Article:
The Winnipeg Jets have an Achilles Heel, and his name is Ondrej Pavelec. when Pavelec’s 5 year, $19.5 million extension was signed, Jets General Manager Kevin Cheveldayoff said that "there’s no question – having stong stable goaltending is very important." It hasn’t exactly worked out that way for Pavelec, or the Jets.
In fact, his 0.885 Save Percentage (Sv%) currently ranks 48th in the NHL, and is well below what an NHL team needs to have success. If this were a simple blemish on an otherwise stellar record, the Jets would have nothing to worry about. But unfortunately that isn’t the case.
If we take a quick peek at average NHL save percentage, we can see how deep the problem has been since Pavelec began playing regularly in the NHL:
Pavelec Save Percentage: 0.906
NHL Average Save Percentage: 0.911
Pavelec Save Percentage: 0.914
NHL Average Save Percentage: 0.913
Pavelec Save Percentage: 0.906
NHL Average Save Percentage: 0.914
Pavelec Save Percentage: 0.885
NHL Average Save Percentage: 0.908
Only once in his career as a starter has Ondrej Pavelec been (slightly) above average in the NHL, and simply reaching an average standing by no means annoints him as a number one goaltender. Pavelec has played 196 NHL games since 2007-08 including this year. For goalies who have played at least 150 games since the 2004-05 lockout, Pavelec’s 0.906 save percentage compares closest to guys like Ray Emery, Manny Legace, Johan Hedberg, Ty Conklin, and the like.
How many of those guys get the "strong, solid" stamp of approval? And how many of them get paid like Corey Schneider ($4 million cap hit) and Antti Niemi ($3.8 million cap hit)? The price tag on Ondrej Pavelec’s extension includes a $3.9 million cap commitment.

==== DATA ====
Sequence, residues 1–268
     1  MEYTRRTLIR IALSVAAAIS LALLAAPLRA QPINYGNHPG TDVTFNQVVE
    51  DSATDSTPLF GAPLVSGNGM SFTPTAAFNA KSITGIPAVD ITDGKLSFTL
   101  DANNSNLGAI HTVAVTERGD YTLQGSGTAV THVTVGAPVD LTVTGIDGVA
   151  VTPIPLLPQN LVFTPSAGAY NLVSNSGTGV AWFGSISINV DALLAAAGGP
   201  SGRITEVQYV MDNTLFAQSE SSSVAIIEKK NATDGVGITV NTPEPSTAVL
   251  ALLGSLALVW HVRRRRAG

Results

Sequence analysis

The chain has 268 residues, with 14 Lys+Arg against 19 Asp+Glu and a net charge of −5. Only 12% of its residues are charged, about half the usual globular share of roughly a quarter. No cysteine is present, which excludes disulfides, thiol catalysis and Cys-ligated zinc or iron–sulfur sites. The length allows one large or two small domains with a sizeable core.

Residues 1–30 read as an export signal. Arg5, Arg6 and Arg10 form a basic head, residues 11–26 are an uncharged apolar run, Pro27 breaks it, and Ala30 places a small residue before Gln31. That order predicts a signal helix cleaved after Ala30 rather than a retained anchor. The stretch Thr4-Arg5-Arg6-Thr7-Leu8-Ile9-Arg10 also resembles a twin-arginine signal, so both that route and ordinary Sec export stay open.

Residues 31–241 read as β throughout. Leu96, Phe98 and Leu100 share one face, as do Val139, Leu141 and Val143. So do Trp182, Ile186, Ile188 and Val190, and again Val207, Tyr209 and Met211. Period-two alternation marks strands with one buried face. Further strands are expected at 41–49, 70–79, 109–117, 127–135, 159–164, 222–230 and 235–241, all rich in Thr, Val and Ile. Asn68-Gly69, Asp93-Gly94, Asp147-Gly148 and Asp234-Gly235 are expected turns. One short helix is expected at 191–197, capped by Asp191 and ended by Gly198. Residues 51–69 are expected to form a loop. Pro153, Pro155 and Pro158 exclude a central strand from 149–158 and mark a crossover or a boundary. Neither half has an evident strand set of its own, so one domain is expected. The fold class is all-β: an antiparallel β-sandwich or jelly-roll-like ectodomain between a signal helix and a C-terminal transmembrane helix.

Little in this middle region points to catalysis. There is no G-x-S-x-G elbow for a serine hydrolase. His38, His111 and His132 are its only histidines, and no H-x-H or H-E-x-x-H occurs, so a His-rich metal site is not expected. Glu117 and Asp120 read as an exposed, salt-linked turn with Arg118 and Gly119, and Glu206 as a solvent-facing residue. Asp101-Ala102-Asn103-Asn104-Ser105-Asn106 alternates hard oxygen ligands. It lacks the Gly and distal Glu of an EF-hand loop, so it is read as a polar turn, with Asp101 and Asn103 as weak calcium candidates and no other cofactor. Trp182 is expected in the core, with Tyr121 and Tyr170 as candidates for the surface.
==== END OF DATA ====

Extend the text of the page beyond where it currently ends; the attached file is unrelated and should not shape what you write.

Had the Jets received merely average goaltending from Pavelec (0.914 Sv%) in 2011-12, he would have allowed roughly 16 fewer goals than he did, which is not insignificant for a team that was only eight points out of a playoff spot. Even worse, unless Pavelec can start to stop pucks consistently the Jets will continue to have a difficult time making the dance in the East.
WHAT ARE THE JETS TO DO?
There are really only two options: Option the first is to wait it out and hope that Pavelec figures out how to play in the NHL. He’s only 25 years old, and there is still room for him to grow. If, despite his history, Pavalec manages to impriove, the Jets will have a number-one goalie locked up for four more seasons. If he doesn’t, however, winnipeg will be left with a very expensive boat anchor a la Nikolai Khabibulin of the Oilers.
Which brings us to option two:
It would cost the Jets $5,416,664 in real dollars to buy out Pavelec in the off season, and even better is that it wouldn’t count against the cap. Thank you, compliance buyouts.
This is an extemely rash option which is unlikely to be popular with Cheveldayoff and the Jets owners, but one wonders if it might be worth a look. Taking a $3.9 million goalie into a lower cap world is a dangerous proposition unless that goalie can play. If he can’t, the Jets are completely stuck with him because players can no longer be buried in the AHL uner the new CBA.
The nature of the business means that the chances of a buyout in this case are virtually non-existent, but refusing to admit to a bad gamble wouldn’t make it a good one. A lot is resting on the shoulders of the young Czech goaltender. Jets fans can only hope that it’s not too much.